Okay, so this wasn’t really that big of a deal, but when I was drawing up the graphic for the red enemies I knew I wanted it to be something big, beefy, and blocky, so I went with an armored knight.  Since it was a knight, I decided to give it a sword.  I even referenced some Shovel Knight images as I was drawing it up….but for SOME reason I missed the golden opportunity to just have my Red Knights carry shovels and be “shovel knights”.  Which would have made perfect sense (they’re trying to dig up Ms. Melody), AND would have been a great callout to a great game.  Biggest missed opportunity everrrrrr =(

48 Hours!!!!
Alright, I guess this isn’t really something that “went wrong”, but it still amazes me every time how quickly the 48 hours goes by, despite you wanting to cram in more and more features.  “If only I had 1 extra hour!!!”  This was apparent this time around as well; the submitted version of my 48hr entry was missing some key components that I really really wanted to get in, but I just. did. not. have. enough. time.

Specifically, better lag calibration was one item high-up on the wishlist that I didn’t end up getting to squeeze in until later.  It wouldn’t have taken long, either!

And, changing backgrounds was another real big item.  I had a hue shifting effect that I used in Ripple Runner which worked fabulously, and I really wanted to do the same thing in Melody Muncher, because without it the backgrounds feel very static, especially when the music is very energetic and has these big builds and climaxes.  Of course, it turns out that because I’m now working in Haxe and Haxepunk, I can’t just use punk.fx (flashpunk) to do an easy hue shift; in fact I still don’t know of any good way to do hue shifting in Haxe/Haxepunk without digging into low-level RGB code yourself. =(  The silver lining on that cloud is that because I wasn’t able to do easy hue shifting, I ended up making much more intricate and involved animated background effects for the post-compo version, so it all works out. :)

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And that wraps up another post-mortem!  Results will be in very soon–good luck to everybody and remember, the real prizes are your games, not your ratings!  Be sure to take your scores with some salt; sometimes you get scores that don’t quite make that much sense.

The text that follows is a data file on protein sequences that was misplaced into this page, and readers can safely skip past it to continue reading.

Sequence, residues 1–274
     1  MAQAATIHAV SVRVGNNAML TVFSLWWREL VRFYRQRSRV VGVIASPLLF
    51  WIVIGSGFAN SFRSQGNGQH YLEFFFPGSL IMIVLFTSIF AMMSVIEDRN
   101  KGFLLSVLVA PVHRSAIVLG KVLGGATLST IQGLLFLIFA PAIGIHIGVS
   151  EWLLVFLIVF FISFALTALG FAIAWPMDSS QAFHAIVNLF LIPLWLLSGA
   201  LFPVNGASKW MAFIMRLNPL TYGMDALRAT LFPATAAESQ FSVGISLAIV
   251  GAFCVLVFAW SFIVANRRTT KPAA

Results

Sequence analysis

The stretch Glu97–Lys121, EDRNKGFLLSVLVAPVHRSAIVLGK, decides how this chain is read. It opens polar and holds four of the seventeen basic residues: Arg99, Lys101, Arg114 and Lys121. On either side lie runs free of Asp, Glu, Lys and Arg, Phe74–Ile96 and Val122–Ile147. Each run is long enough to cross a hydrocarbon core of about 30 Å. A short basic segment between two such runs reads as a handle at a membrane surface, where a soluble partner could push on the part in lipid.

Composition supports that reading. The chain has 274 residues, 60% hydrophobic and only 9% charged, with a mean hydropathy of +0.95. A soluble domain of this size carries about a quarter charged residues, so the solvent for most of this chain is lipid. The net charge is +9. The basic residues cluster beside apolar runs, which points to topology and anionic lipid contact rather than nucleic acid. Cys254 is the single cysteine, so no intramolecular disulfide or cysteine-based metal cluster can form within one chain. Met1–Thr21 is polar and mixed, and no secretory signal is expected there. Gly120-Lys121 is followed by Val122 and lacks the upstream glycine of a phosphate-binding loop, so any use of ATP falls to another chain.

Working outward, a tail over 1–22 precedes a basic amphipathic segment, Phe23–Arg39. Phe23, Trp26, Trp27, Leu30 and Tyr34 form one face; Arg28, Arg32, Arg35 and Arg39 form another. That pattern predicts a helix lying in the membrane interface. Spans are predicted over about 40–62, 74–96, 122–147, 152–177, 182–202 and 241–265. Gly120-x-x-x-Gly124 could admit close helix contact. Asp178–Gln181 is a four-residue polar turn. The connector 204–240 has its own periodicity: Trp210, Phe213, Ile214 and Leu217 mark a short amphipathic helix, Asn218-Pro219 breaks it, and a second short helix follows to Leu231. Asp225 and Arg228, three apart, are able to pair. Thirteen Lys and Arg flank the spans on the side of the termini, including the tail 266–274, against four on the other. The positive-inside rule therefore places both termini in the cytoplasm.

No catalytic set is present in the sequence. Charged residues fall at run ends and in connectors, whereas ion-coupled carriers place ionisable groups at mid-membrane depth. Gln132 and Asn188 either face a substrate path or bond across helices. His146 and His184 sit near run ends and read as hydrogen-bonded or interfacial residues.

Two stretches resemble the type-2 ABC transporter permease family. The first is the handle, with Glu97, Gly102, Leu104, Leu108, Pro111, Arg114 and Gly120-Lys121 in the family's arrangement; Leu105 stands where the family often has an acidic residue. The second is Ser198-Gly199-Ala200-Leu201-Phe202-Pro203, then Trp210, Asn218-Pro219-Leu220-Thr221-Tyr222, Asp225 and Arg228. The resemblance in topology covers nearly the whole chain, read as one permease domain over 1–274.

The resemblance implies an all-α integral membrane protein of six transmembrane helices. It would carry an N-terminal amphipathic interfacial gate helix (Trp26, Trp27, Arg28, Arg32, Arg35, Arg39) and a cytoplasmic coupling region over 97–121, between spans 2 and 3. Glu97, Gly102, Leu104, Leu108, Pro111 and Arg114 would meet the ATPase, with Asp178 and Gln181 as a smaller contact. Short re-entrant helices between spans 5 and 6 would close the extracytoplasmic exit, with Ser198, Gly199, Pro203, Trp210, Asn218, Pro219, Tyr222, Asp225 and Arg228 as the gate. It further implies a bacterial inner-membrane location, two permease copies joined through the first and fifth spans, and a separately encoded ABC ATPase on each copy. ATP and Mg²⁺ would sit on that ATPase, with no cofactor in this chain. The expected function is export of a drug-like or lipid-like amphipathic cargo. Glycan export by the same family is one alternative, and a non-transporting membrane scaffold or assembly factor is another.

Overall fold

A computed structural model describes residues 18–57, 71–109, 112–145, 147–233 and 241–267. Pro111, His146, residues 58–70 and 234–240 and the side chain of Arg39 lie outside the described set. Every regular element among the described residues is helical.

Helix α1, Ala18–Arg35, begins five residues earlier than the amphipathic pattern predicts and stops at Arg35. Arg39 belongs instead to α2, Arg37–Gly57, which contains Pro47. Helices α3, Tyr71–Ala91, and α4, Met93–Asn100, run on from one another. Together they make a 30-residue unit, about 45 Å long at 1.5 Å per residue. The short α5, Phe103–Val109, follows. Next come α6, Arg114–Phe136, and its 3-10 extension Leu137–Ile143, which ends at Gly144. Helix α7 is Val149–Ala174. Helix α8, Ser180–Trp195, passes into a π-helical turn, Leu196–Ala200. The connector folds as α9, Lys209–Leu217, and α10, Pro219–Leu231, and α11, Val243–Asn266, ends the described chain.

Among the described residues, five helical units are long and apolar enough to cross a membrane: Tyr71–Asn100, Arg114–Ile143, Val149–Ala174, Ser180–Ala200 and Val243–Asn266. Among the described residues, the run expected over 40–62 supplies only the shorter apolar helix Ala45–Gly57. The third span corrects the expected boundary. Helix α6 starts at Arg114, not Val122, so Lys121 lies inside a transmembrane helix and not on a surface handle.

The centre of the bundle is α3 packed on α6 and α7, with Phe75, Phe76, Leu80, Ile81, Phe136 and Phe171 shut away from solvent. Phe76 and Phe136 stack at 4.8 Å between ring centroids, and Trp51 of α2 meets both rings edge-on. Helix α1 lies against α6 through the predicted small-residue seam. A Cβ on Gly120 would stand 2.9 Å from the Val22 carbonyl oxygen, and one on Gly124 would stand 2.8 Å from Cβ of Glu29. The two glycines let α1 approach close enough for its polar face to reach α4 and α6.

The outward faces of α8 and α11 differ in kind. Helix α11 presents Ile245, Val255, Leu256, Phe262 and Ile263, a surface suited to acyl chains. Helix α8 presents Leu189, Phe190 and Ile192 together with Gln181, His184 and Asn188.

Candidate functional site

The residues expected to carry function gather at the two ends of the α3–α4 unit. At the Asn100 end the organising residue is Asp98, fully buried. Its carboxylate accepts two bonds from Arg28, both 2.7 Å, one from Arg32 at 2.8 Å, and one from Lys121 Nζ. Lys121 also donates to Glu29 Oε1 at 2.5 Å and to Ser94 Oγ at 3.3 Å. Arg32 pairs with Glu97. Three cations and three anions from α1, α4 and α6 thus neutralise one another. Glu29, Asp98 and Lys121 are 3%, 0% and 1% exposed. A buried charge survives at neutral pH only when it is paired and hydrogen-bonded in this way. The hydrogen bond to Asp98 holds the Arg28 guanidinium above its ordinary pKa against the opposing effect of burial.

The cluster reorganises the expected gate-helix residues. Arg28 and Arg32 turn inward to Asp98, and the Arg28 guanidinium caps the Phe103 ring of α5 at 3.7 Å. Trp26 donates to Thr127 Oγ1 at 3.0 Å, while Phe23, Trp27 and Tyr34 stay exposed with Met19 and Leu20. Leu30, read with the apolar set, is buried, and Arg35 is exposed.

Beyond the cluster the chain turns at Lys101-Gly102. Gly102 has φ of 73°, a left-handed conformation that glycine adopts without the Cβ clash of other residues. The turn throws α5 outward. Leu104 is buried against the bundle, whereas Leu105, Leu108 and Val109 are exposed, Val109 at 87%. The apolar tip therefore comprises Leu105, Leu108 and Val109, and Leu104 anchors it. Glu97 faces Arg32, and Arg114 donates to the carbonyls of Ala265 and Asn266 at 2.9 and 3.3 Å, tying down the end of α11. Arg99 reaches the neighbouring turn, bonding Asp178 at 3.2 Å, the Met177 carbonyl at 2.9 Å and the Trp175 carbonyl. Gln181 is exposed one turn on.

Thanks for taking the time to read about Melody Muncher!  Hope you enjoyed it as much as I did! :)

Our Colossus powers may be faded. But we can still smash the faces of a few humans before we go! -> [The Old One] by Chris Olsen

Just remember. If you fire the entire United States, be sure you have a sure fire escape plan. -> [Escape from Twump Tower] by 01010111

Greetings, Human: Visual Overhaul

Posted by (twitter: @boardtobits)
Monday, September 7th, 2015 5:26 pm

My time has been split between working on Greetings, Human, and some other, less digital game projects, but I wanted to share some of the aesthetic progress I’ve made since the compo.

Sketches of possible alien heads/features.

Sketches of possible alien heads/features.

Heads designed in Illustrator and rendered in Unity.

Heads designed in Illustrator and rendered in Unity.

Updated UI implemented in Unity.

Updated UI implemented in Unity.

I’ve also been doing deeper research into cultural dissonance and what makes cultures different. There’s obviously a lot more than just saying hello and goodbye, including things like:

  • Rites of passage
  • High-context vs. low-context
  • Class systems
  • Values (personal, material and societal)
So, the final product is going to have to be more nuanced and less simply memorizing actions in order to do the situation justice. I’m excited to take it on, though!